Posts Tagged ‘Racial Abuse’

Refuting Anti-Semitism Smears with the Reasonableness Test: Part 3

May 25, 2018

It is also possible to find parallels in the careers of individuals, which, when carefully selected, may refer to a completely different person. As an extreme example, consider the eulogy made by some of the French at the Berlin Olympics in Nazi Germany. They began praising a great national leader, responsible for aggressively including those parts of his nation, that had been separated from the main, parent homeland for centuries. Sounds like Hitler after the annexation of the Sudetenland, doesn’t it? This same national figure was also responsible for persecuting and expelling a religious minority, working against his country and its faith. Which also sounds like Hitler and the Jews.

It wasn’t.

The figure they were talking about was Louis XIV. The Sun King had begun a series of wars to annex French-speaking communities in other nations, like the Kingdom of Burgundy, which had previously been part of the Holy Roman Empire. He was also responsible for the revocation of the Edict of Nantes and the renewal of persecution and final expulsion of the Huguenots, French Protestants. Many of these fled to England, where they brought new skills in weaving and clock-making, for example, and contributed to Britain’s industrial revolution taking off earlier than its counterpart in France. People hearing the speech were intended to believe it was about Hitler until the real identity of this national leader was revealed.

Through carefully selecting parallels and facts, you can make almost anyone appear as something they are not. Which is something the Israel lobby and the people making those smears know very well, as they twist and deny facts, and take words and comments out of context, or simply make them up.

But to return to the subject of racial insults and the subjective evidence of how they may appear to other people, this reminds me of two notorious cases in America where people were falsely accused of racially insulting Blacks.

One of these concerned a Black staffer working in the US Treasury department during Clinton’s presidency. He was responsible for setting or estimating the funding levels. A Black colleague tackled him on his figures, criticising them for being too low. The staffer rejected this, and said, ‘No, I’m not being niggardly’. His interlocutor then sued him for his use of racist language. Presumably this was because ‘niggardly’ sounds like ‘n888er’. In fact, the two words are etymologically distinct. The modern English term ‘niggard’, comes from the Middle English word ‘nig’, meaning a miser or worthless person. It has absolutely nothing to do with later racist terms for people of colour. But it’s similarity to that term was enough to anger his opponent, who doubtless sincerely felt that it was a derogatory term, and that he had been insulted.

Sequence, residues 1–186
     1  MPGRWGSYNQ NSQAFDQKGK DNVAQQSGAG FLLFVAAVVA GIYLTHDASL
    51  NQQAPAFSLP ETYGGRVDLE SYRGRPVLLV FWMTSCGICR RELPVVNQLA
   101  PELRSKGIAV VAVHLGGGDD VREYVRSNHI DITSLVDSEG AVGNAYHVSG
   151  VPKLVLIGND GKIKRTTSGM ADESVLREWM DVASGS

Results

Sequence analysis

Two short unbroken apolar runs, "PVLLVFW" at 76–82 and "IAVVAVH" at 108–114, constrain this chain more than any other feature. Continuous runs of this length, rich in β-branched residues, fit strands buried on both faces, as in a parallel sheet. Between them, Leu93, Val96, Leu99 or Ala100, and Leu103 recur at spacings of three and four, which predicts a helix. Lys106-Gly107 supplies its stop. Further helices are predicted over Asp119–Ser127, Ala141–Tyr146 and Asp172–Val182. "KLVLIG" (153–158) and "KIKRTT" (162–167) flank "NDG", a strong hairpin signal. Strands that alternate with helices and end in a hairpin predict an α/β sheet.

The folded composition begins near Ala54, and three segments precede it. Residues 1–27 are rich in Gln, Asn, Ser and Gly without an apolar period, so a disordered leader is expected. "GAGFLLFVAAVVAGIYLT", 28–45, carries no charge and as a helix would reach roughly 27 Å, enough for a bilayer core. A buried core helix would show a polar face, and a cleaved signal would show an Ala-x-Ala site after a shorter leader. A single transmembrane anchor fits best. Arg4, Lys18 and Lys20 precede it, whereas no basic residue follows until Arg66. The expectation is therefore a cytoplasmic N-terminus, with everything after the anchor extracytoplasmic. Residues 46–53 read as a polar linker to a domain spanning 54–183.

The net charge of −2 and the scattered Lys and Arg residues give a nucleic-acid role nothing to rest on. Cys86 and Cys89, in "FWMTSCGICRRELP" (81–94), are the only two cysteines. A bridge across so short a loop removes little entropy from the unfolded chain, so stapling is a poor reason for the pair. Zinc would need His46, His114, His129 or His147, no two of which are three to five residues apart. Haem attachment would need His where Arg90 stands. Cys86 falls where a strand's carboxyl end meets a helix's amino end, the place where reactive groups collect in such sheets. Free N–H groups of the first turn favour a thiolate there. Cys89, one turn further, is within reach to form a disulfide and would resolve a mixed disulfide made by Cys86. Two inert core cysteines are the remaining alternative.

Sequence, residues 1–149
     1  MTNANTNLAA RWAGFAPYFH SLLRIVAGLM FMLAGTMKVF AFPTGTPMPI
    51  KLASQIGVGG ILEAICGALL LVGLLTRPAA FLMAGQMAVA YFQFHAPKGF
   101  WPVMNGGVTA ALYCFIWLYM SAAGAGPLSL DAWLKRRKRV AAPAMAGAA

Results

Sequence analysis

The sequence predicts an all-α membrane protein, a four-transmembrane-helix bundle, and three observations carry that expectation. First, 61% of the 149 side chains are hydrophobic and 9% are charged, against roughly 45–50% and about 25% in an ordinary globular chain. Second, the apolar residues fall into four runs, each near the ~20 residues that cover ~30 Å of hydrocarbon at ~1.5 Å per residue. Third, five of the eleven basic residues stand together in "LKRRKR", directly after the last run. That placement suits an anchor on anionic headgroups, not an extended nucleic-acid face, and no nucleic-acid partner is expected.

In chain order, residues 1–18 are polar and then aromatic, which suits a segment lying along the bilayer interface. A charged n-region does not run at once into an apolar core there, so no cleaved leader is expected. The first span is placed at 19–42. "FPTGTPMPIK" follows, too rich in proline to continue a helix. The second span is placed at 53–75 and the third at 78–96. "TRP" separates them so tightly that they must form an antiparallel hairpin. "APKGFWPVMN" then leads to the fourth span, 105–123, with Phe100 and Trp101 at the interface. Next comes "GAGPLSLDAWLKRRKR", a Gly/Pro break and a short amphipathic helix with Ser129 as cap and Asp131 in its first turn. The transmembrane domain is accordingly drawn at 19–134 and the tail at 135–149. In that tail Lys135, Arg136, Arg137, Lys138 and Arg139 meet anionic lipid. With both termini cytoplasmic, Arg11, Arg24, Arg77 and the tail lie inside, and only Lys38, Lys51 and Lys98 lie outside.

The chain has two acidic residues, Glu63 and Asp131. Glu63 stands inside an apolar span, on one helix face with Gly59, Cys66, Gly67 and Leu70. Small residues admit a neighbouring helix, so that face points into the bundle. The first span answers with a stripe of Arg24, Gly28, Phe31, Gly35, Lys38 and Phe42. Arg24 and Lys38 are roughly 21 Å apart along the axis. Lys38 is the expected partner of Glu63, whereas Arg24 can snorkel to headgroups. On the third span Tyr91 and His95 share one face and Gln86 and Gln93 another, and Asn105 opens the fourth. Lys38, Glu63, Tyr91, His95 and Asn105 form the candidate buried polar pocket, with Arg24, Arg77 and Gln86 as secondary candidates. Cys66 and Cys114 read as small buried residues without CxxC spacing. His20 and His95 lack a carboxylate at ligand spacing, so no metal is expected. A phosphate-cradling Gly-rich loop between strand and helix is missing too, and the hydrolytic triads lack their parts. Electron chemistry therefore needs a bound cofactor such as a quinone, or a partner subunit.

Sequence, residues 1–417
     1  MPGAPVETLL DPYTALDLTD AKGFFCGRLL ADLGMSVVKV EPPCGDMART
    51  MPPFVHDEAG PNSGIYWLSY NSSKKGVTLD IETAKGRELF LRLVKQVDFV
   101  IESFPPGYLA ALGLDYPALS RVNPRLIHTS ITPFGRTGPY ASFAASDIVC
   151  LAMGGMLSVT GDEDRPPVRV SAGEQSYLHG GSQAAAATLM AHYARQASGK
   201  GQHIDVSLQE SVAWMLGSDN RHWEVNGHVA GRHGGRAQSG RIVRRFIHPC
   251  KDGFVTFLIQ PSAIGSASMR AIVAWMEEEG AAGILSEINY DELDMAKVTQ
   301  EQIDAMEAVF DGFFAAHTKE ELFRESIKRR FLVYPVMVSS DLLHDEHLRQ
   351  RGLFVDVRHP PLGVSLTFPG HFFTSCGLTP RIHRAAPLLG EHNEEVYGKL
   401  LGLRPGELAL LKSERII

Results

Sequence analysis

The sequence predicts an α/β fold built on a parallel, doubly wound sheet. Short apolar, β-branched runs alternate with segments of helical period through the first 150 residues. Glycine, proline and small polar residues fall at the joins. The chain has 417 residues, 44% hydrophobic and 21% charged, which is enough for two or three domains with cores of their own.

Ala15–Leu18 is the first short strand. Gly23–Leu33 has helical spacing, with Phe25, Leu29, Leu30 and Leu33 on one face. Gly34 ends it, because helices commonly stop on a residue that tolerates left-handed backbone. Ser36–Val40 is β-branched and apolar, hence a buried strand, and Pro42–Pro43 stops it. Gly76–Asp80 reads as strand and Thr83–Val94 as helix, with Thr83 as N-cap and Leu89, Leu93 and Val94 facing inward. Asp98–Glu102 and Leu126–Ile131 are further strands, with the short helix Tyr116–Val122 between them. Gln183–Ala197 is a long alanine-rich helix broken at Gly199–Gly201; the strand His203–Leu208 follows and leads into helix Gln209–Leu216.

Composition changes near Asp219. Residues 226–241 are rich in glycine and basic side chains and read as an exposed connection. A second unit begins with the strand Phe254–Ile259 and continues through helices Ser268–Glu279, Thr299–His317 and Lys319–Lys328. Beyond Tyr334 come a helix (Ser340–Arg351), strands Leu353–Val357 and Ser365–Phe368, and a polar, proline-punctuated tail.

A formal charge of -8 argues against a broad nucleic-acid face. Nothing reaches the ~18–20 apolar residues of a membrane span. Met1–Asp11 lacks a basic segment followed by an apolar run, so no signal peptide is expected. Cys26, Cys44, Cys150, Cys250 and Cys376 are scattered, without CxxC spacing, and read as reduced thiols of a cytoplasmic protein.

The case was much discussed in the press, because of its similarity to a novel that had recently come out by one of America’s great literary giants, The Human Stain. This is about a man in a well-paid, responsible job, who is also brought low and sued for racism, when he uses an ambiguous term, which his accusers believe is racist, but which really isn’t.

And then there’s the case of the Jewish student at one of the American colleges, who was sued by a group of Black sorority girls. The poor fellow had been revising for an exam he had the next day. Unfortunately, right outside his window and below him there were a group of young Black women very loudly celebrating some sorority even. At last, driven to exasperation by his inability to concentrate due to the noise they were making, he threw open his window and shouted out, ‘Shut up, you water buffalo!’ The girls decided they’d been insulted, and so took him to the college authorities. And the court proceeding there seem almost farcical. One member of staff turned up to give evidence that water buffalo were African animals. They aren’t. They’re East Asian. The accused student himself defended himself by saying that he was using ‘water buffalo’ to translate the Hebrew word ‘behema’, which has no racial connotations. In fact, as I understand it, the word ‘behema’ simply means ‘beast’, of any kind.

Both of these are stupid, wrongful accusations, that should never have come to court, although I’ve no doubt the people making the accusations sincerely believed they’d been terribly insulted because of their race.

And they clearly show the terrible dangers and miscarriages of justice which occur when subjective impressions are taken as the yardstick for assessing whether a comment or statement is racist or not.

And subjective impressions, and the rule that something may be racist, if another person thinks it is, regardless of whether it really is, or was intended to be, must not be allowed to become the standard for upholding the anti-Semitism smears against Labour party members. Or anyone else for that matter.

As this article has shown, it privileges emotion, ignorance and pernicious urban myths against truth and fact. It is also of a piece with the ‘paranoid style’ animating the Fascist right, and which has resulted in the creation of real, terribly evil conspiracy theories, which are a danger to Blacks, Jews, left-wingers and members of new religious movements, like practising occultists, who were accused of Satanic ritual abuse in real witch hunts back in the 1990s. Quite apart from ordinary people, who also found themselves accused of Satanism because of false memories and the coaching of those utterly convinced that a Satanic conspiracy exists.

Subjective impressions don’t lead to truth. They lead to witch hunts, false convictions and massive injustice. Which is why the Israel lobby and is collaborators in the Labour party are determined to use it. It has to be stopped, and the real yardsticks – impartial fact – used instead.